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Study: System admins slow to zap bugs

New research on the Slapper worm finds that many systems administrators still aren't patching security holes as fast--or as frequently--as they should to lock out attacks.

System administrators are still not patching systems frequently enough, according to a recently published study of a software security flaw that allowed the Linux Slapper worm to spread.

In fact, even after the Slapper worm highlighted the existence of a vulnerability in the Web security software known as OpenSSL, three out of 10 systems that had the flaw continue to be vulnerable even today, said Eric Rescorla, an independent security consultant.

"Administrators aren't as responsive as they should be," he said. "Even after a relatively serious hole is found, administrators don't do the right things."

Over the past three years, software makers have been forced by their customers to be more responsive to security vulnerabilities in their products. The U.S. government has gotten into the act as well, with Richard Clarke, presidential adviser on cybersecurity, making repeated calls for companies to shore up holes in the servers for which they are responsible.

However, system administrators--many of them overworked--haven't taken the message to heart, according to Rescorla's research. The research studied the response to the release of information in July relating to a flaw in OpenSSL, a commonly used open-source program to secure data going between Web servers and browsers using channels encrypted with the secure sockets layer (SSL).

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announcement of the OpenSSL flaw, Rescorla quickly selected, using a Google search, a pool of about 900 servers that ran OpenSSL. He tested the servers every six hours to see if they had been patched. Rescorla could test their status without affecting their operation, an opportunity that he saw as ideal.

"I had a couple people complain (about my scanning), but remarkably few," he said. "The two people that sent me mail asked me not to continue."

About 40 percent of administrators patched their systems in the seven weeks between the public announcement of a flaw and the release of the Slapper worm. Another 30 percent apparently patched the software after the Slapper worm started infecting SSL servers in September.

"It's not just that some people are lazy, but also that many people appear to wait until they feel vulnerable (i.e., an exploit is released) before they apply fixes," he said. "This seems to be a distinct population from those who are just lazy and don't do anything at all."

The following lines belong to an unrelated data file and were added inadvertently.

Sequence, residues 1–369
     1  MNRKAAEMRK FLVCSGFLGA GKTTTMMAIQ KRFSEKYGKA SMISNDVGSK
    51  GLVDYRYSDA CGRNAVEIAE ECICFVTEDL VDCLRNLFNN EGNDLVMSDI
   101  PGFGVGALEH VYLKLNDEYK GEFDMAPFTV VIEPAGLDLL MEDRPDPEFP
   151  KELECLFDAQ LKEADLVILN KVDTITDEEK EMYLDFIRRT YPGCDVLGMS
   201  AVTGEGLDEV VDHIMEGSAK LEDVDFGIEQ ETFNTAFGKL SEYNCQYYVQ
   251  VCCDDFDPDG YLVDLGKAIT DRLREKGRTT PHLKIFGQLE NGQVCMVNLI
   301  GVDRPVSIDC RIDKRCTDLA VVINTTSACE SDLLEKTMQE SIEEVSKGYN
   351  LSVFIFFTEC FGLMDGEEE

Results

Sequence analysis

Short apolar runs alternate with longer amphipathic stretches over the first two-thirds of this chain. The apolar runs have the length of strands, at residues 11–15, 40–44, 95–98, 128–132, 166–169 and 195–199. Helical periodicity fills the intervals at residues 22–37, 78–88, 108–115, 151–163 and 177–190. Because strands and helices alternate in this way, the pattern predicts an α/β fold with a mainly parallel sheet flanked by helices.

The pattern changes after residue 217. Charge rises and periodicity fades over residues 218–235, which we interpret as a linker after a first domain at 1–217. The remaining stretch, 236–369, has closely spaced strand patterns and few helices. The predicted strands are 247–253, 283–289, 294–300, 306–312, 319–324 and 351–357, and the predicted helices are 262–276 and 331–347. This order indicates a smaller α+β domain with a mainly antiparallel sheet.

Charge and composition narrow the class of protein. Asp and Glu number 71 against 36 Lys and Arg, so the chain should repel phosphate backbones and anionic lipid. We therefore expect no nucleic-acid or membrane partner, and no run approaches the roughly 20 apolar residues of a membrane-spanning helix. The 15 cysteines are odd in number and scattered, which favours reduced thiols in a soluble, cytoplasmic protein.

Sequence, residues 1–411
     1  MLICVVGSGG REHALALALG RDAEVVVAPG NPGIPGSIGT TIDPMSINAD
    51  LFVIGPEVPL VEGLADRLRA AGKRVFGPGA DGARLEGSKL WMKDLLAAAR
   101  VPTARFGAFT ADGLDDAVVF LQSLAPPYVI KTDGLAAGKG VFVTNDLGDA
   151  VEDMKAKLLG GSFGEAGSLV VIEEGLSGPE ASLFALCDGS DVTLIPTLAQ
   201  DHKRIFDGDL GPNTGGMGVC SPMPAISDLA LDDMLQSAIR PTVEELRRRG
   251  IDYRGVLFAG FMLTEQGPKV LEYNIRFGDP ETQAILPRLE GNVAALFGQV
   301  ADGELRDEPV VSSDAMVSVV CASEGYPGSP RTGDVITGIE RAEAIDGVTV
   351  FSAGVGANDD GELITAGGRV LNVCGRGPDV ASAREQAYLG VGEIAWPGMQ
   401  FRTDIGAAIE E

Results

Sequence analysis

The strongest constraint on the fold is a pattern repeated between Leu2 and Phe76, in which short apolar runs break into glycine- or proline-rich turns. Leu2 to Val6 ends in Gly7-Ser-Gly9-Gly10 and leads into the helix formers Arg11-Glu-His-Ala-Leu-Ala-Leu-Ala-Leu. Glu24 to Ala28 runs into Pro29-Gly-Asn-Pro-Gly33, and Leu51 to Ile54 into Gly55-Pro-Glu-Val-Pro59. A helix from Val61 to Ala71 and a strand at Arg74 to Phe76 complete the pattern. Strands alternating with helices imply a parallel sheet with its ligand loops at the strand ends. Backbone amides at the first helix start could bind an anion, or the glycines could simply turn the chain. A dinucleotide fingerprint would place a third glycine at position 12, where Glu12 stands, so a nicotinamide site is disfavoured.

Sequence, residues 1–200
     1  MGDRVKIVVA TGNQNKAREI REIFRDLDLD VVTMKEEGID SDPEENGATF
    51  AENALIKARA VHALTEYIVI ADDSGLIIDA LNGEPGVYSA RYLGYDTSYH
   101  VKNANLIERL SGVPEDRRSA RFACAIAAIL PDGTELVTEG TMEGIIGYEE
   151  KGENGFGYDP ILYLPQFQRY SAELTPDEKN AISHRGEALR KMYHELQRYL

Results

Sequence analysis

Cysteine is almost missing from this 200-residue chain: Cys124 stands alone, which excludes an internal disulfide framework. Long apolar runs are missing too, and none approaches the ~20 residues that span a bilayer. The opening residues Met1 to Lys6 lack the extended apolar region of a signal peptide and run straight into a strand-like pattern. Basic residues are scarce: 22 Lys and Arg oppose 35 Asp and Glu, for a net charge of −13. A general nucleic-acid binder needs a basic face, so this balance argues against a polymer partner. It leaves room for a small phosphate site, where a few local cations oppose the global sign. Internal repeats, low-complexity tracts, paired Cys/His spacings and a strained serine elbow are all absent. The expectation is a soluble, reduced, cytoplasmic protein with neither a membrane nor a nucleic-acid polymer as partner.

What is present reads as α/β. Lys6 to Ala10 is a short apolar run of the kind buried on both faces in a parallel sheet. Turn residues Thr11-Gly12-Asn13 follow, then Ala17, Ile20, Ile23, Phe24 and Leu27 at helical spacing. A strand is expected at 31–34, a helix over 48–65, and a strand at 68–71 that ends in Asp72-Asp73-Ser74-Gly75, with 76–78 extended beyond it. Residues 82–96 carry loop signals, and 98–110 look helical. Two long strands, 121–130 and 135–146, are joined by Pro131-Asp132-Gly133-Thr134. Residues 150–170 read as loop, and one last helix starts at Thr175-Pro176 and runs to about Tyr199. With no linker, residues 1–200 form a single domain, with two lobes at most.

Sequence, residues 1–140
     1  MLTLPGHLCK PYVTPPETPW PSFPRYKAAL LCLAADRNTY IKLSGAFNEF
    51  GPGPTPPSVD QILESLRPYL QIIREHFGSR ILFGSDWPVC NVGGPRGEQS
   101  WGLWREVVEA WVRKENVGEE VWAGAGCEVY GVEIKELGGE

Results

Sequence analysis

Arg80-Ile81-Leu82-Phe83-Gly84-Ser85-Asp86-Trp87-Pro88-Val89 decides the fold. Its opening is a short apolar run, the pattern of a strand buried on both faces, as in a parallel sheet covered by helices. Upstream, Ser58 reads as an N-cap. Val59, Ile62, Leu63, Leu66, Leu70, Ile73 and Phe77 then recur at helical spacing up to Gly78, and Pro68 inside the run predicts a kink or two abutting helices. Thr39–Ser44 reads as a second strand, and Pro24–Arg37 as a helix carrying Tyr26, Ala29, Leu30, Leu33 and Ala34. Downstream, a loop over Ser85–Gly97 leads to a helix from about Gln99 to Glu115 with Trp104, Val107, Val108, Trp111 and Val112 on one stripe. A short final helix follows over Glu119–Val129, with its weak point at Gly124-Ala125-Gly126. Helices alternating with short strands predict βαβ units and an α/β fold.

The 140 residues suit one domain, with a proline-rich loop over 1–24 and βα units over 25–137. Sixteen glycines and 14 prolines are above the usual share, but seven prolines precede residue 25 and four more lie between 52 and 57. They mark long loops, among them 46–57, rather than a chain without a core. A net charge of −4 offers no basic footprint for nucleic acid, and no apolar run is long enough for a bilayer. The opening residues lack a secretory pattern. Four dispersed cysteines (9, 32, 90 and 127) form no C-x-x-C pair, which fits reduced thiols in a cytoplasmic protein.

System administrators that manage the remaining third of the servers scanned by Rescorla fall into that last category, he said.

The low rate at which system administrators patch their servers has been a problem for a long time. Software makers, such as Microsoft and Symantec, and most Linux companies have created services to help system administrators keep up with patches.

Much of the problem should be laid at the feet of management, said system administrator Scott Hoffman.

"Many smaller firms don't have a full-time administrator, (which is) a management decision," he wrote in an e-mail to CNET "In other firms, administrators may be given specific tasks or deadlines that don't allow (them) time for applying the numerous patches that are issued or, as Microsoft patches are (in)famous for, rebooting key servers."

Moreover, as systems become easier to install and with consumers now connected to the Internet over broadband lines, responsibility for server maintenance may be turned over to people who don't always know enough to keep abreast of security issues.

"I'd call that (an) administration vacuum, not laziness," Hoffmann said.

Those who did patch tended to be working at hosting service providers, said Rescorla. "The big hosting companies are good about patching, which isn't surprising because they maintain a security staff," he said.

The security consultant also found that people who keep their systems up-to-date--that is, running the latest version of software--tended to patch more frequently.

"There is some evidence that the class of people that upgrade in the first round (before a worm is released) differ from those that upgrade in the second phase," he said.

Several reasons could explain the late-patching behavior, he added. System administrators may be wary of patches that could break their systems, so they wait until a threat appears that requires the patch be installed. Also, administrators may think that it's not necessary to patch until a real threat, such as a worm or a mass hack, seems imminent.

"That's a pretty dangerous strategy, because the 'black hat' community tends to have the exploit way before the administrator knows about it," he said. He pointed to the fact that the OpenSSL flaw was discovered after a network administrator found someone attacking their machine with the exploit.

Finally, he added, some administrators don't patch because they're just too lazy.